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Tuesday, June 22, 2021
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Home Editorial Tons of intrigue in sugar and ports

Tons of intrigue in sugar and ports

It can’t be said that the move by ASR/BSI to stop shipping bulk sugar to the Belize District, to be handled by the Port of Belize, was made quietly, in the dead of night, and maybe the Belizean public isn’t owed an explanation, but it must be noted that that port lost considerable business, and the many stevedores who work at the port lost a substantial portion of their livelihood.

In September 2019 ASR/BSI began exploring the feasibility of transporting sugar by road to the Port of Big Creek in the Stann Creek District. On the surface, this move by ASR/BSI is in the natural flow of business. Change is constant in this world, and our capacity to respond goes a long way in determining our future. Those who can’t adjust to change fall away, sometimes into oblivion.

Change can come by way of natural disasters, and we and the world are presently going through the greatest change event in generations – the Covid-19 pandemic. Hurricanes, which are common in our region, are great change events, and Hurricane Hattie in 1961 was one of the most potent natural change-makers we have ever experienced.

After Hurricane Hattie wrecked Belize City and Dangriga, Belizeans living in those areas responded with an exodus north, to the USA. There’s a theory that that move north by Belizeans was also orchestrated.

Belize would become a self-governing country in 1964, just three years after Hattie struck, and the man who would become our country’s first Prime Minister, George Price, led the charge for us to relocate the seat of government to an area less exposed to hurricanes. That dream, with massive support by the United Kingdom, became a reality — Belmopan, the new capital of Belize.

After Hattie, villagers in Seine Bight say they were advised to go and live in a safer area of our country, and our leaders created the village we know as Georgetown, several miles to their west. The villagers did not relocate entirely, though; instead they planted their future in two villages.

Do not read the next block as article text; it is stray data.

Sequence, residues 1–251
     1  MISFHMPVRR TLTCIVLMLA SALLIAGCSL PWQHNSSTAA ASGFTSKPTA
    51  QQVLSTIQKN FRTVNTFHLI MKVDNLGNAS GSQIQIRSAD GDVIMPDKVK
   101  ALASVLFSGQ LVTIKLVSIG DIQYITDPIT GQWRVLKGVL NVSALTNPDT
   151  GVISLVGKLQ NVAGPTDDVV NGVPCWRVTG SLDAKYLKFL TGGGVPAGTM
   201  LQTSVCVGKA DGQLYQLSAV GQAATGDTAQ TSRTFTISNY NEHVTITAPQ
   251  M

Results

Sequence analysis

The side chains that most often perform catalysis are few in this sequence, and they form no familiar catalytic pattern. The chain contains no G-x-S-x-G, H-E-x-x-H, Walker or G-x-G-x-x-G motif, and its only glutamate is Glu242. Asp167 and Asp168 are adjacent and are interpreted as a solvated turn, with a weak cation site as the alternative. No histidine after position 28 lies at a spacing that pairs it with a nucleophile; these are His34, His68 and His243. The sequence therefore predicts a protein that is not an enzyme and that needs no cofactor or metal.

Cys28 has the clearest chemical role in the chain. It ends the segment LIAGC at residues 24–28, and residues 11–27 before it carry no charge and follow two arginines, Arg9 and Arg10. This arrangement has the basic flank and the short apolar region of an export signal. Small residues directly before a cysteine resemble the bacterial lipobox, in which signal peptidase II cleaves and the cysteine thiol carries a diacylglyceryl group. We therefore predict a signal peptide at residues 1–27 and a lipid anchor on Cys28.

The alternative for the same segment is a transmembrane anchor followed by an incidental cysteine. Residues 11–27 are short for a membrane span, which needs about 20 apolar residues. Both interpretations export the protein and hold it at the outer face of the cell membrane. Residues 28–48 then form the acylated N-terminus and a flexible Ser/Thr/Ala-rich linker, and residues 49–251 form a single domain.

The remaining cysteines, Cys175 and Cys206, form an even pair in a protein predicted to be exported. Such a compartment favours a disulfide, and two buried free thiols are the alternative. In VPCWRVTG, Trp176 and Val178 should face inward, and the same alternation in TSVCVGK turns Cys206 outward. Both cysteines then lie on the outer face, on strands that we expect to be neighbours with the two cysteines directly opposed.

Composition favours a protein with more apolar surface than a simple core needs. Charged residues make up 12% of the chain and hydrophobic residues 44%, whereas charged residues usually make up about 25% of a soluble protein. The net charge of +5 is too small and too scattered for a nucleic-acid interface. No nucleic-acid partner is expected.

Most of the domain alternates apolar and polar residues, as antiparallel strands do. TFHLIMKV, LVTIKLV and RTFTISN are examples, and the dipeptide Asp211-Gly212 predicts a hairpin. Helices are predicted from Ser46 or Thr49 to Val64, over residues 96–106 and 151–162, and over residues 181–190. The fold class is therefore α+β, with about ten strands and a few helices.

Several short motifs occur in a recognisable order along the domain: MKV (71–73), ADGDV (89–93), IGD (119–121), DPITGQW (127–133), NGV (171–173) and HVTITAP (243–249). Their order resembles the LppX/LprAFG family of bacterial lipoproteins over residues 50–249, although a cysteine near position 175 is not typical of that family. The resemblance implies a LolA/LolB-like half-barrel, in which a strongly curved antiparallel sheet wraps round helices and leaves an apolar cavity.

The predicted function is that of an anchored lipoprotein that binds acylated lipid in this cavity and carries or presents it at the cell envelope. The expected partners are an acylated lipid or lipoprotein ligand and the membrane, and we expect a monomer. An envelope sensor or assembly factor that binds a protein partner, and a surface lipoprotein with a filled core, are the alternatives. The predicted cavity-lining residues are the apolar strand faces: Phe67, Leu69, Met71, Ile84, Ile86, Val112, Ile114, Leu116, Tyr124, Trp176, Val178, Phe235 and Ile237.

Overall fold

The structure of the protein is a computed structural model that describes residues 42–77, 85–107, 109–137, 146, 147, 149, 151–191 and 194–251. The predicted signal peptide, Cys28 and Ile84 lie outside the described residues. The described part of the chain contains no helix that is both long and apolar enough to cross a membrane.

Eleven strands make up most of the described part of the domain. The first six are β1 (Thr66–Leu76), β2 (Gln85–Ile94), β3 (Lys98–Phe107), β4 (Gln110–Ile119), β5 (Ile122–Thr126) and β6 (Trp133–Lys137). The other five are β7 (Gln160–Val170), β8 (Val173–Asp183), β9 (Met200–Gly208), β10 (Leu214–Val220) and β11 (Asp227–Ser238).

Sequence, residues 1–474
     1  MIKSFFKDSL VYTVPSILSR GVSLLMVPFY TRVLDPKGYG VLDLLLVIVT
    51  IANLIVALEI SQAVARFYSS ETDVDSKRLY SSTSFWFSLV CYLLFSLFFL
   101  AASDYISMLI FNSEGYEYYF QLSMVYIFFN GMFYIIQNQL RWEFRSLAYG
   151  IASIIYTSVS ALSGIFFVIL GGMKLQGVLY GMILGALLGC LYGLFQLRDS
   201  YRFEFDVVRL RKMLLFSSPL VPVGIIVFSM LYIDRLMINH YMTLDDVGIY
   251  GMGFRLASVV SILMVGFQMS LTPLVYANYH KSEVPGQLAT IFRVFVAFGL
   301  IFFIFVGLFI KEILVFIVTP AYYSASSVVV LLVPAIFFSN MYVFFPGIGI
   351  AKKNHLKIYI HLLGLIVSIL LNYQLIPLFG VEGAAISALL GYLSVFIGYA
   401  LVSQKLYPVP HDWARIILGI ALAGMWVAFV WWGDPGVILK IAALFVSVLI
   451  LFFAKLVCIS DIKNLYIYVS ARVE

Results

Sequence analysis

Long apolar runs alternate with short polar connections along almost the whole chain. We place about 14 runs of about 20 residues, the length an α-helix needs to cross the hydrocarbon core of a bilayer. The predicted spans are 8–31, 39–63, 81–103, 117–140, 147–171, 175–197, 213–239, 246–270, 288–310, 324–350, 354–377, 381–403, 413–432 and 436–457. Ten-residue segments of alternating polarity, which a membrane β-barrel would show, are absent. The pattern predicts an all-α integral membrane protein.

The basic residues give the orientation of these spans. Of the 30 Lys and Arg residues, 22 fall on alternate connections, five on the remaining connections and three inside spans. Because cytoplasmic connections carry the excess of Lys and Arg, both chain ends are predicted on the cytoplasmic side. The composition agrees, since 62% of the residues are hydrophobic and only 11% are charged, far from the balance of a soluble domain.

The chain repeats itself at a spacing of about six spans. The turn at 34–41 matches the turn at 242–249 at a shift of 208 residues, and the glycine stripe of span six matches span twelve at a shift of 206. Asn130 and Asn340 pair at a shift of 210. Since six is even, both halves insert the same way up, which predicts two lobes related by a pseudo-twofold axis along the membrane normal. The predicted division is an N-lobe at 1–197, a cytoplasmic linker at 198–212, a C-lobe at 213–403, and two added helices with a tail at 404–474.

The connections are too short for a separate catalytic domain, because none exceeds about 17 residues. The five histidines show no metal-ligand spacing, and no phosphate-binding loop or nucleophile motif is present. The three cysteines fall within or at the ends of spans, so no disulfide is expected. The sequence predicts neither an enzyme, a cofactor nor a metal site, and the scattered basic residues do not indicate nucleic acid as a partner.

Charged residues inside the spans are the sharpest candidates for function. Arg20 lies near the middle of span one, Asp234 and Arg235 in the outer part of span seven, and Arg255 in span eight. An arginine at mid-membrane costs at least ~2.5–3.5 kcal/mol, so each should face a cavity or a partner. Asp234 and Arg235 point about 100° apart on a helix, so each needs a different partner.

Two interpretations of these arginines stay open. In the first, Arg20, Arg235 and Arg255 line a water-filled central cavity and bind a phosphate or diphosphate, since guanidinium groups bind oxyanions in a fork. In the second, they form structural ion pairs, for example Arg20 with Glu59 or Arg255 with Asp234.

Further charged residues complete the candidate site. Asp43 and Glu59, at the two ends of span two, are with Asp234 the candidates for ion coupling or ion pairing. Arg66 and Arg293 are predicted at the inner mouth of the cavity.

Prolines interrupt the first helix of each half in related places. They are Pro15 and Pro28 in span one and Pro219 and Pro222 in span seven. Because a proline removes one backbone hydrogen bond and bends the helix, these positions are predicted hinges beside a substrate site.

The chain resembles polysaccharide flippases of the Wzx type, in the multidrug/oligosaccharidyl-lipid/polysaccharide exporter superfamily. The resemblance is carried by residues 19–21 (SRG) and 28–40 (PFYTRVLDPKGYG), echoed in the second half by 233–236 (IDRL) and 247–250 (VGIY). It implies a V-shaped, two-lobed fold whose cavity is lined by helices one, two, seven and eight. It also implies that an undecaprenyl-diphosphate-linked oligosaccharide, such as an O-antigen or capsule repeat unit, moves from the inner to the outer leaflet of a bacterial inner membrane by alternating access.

Some villagers in Seine Bight thought the new leaders of the country were really intent on “tricking” them out of their prime coastland, and we have seen to what lengths the oligarchy in Honduras is going to separate our Garinagu brothers and sisters from their homes on the Caribbean coast of that country.

We don’t believe that was the objective of our first Prime Minister, though. In 1931, he had come within an inch of losing his life when a Category 5 hurricane hit Belize City, and this experience, coupled with the devastation caused 30 years later by Hurricane Hattie, inspired him to lead the charge to build Belmopan, and those experiences probably were also his inspiration for counseling our brothers and sisters in Seine Bight to go and live on safer ground.

We all have to respond to change, and in the immediate wake of the ASR/BSI move, displaced stevedores in Belize City might be best advised to go looking for new jobs in the area where they live, or to pull up roots and go compete for jobs with our brothers and sisters in Big Creek. However, since the change is artificial, man-made, and it has occurred at a time when the relationship between the workers and the management at the Port of Belize has not been cordial, probably the proper first response from those affected should be to ask their political leaders for intervention, or explanation.